The American free enterprise system makes it possible for anyone to enter any legal business they choose, including television management. If, in his/her capacity, a station manager chooses not to accept an advertiser, that station manager is "free" to make that decision. Get it, Mr. Hoffman? It's the station manager's choice, not O.J's right.
Let's hope that this showing of sensibility by media managers across the country, without government intervention, serves as a deterrent to other "O.J. wannabes" who presume that, because they have some horse manure to peddle, the American public can't wait to buy it.
Scott J. Thomas
VP of media, ADEX
Oakbrook Terrace, Ill.
Could a television commercial lead to the eventual demise of a world-recognized brand? Advertising can be used to both create the equity that we so desire in our brands as well as destroy our brand's reserve in as quickly as 30 seconds.
Burger King's media blitz offered the limited-time 99 cents Whopper promotion. WOW....99 cents! That's definitely some deal. This low-price strategy will probably increase the sale of Whoppers and complimentary food items...This will definitely please the franchise owners who are counting receipts at the end of each day. But what about consumers?
What happens next week when the promotion is over and consumers are surprised to find that their beloved sandwich now costs $2 more!? The "value meal" does not seem like such a value any more...Consumers perceive that they are being ripped off because their brand network-the accumulated brand messages stored in consumers' memory over time-tells them what to expect to pay for the sandwich.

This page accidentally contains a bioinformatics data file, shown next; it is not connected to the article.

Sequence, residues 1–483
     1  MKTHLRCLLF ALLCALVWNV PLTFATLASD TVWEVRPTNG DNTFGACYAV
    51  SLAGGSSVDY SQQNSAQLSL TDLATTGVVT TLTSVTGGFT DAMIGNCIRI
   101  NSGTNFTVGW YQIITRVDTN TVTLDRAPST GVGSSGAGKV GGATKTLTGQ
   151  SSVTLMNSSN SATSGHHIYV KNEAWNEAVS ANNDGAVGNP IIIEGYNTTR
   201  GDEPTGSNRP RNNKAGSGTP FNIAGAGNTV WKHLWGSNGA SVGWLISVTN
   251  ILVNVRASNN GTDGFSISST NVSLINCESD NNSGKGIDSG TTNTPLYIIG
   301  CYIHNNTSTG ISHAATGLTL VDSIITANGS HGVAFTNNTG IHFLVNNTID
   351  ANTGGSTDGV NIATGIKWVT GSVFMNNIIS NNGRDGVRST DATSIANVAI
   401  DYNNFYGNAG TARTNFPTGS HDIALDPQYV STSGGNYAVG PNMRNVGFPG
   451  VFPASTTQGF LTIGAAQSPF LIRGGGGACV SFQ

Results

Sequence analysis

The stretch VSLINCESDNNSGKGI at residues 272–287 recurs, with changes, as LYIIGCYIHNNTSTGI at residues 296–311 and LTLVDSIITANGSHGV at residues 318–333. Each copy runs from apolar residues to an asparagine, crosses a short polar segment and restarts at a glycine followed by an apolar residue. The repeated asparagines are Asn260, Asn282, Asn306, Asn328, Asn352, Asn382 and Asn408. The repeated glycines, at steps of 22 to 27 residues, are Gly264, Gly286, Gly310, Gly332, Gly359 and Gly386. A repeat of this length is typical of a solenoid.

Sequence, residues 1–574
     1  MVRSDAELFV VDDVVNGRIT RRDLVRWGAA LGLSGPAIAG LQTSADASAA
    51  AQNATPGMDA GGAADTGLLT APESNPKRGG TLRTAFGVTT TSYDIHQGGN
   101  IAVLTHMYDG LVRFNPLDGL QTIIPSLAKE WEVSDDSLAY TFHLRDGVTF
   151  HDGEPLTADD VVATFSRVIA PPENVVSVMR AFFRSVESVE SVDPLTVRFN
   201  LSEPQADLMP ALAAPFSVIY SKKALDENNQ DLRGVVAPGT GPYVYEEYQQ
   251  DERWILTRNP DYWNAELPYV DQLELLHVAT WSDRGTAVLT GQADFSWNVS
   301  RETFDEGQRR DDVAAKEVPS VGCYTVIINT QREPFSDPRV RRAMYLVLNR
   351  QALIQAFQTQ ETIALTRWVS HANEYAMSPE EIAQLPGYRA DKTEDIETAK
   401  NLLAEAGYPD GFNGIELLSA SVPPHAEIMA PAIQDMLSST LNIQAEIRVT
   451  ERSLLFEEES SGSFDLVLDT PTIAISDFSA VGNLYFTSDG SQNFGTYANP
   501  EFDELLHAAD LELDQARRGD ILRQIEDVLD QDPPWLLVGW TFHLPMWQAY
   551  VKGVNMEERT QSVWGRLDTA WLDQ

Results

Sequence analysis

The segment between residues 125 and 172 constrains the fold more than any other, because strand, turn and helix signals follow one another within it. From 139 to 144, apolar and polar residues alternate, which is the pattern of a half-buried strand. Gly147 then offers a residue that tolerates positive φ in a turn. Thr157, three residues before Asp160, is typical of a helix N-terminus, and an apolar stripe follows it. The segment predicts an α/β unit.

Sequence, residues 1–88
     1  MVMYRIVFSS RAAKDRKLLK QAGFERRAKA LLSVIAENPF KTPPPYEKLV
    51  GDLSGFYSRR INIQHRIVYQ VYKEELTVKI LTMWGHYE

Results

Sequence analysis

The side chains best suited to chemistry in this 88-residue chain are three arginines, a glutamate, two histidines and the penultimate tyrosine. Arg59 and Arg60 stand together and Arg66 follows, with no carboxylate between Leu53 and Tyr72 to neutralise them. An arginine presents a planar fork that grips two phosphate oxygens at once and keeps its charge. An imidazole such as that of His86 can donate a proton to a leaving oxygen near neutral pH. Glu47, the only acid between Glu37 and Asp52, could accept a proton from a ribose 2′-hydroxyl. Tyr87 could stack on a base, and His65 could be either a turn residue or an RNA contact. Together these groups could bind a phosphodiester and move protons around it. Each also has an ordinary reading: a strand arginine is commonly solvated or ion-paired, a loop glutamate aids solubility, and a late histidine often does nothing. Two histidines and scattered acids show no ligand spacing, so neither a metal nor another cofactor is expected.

Why do so many marketers sacrifice brand equity to see a short-term increase in sales? Can we not feel good about our jobs if we don't see an immediate effect? And why must we treat all consumers as if they are alike? A more targeted media approach would yield the same short-term results without negatively impacting BK's loyal consumer base.
It is easy to forget that the brands we market are not ours to own; they exist in the heads of our customers. Brand and marketing strategies must focus on nurturing relationships with loyal customers and consider all message delivery systems rather than assuming that mass is always the way to go. We need to be strategists first, communicators second.
An article in your Jan. 1 issue ("Agency vets plan to track attitudes about fast-food") discussed a program called Quick Track being introduced by a company called Quick Track. It stated that Quick Track is "the first national database gauging consumer fast-food attitudes." This statement is not true; Sandelman & Associates has been conducting a syndicated consumer research program covering the fast-food category in the U.S. since 1988. In fact, the name of our study is Quick-Track, which has been registered as a federal trademark.
I was somewhat surprised that this article provided the incorrect information about the new program being the first such study of its type because Advertising Age ran an article about one of the Sandelman & Associates' fast-food surveys in the July 4, 1994, issue.
Our study, which tracks consumer awareness, usage and attitudes, has been conducted in more than 80 markets across the U.S. as well as a nationally representative study that is conducted each quarter. In 1995, we conducted close to 100,000 telephone interviews with fast-food users. Our study is well known and respected in the restaurant industry and has been featured and quoted in many publications.
Robert L. Sandelman
President, Sandelman & Associates
Editor's note: An executive of the new company said the study's name has been changed to The Restaurant Chain Monitor.
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